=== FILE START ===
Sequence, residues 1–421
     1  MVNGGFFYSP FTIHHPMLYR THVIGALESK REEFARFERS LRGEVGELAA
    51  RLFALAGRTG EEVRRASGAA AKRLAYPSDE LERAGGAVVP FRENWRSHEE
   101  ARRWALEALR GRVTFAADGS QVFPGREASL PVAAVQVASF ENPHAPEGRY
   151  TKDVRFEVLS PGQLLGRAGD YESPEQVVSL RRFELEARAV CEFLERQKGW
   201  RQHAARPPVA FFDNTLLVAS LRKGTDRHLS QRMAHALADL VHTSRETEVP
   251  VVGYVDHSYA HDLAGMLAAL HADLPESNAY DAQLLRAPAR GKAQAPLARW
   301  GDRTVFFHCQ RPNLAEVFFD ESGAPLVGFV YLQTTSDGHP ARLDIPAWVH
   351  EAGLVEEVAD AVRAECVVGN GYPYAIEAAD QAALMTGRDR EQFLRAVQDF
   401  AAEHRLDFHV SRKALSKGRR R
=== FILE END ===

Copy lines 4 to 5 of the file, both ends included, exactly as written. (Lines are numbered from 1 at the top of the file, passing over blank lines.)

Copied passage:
   101  ARRWALEALR GRVTFAADGS QVFPGREASL PVAAVQVASF ENPHAPEGRY
   151  TKDVRFEVLS PGQLLGRAGD YESPEQVVSL RRFELEARAV CEFLERQKGW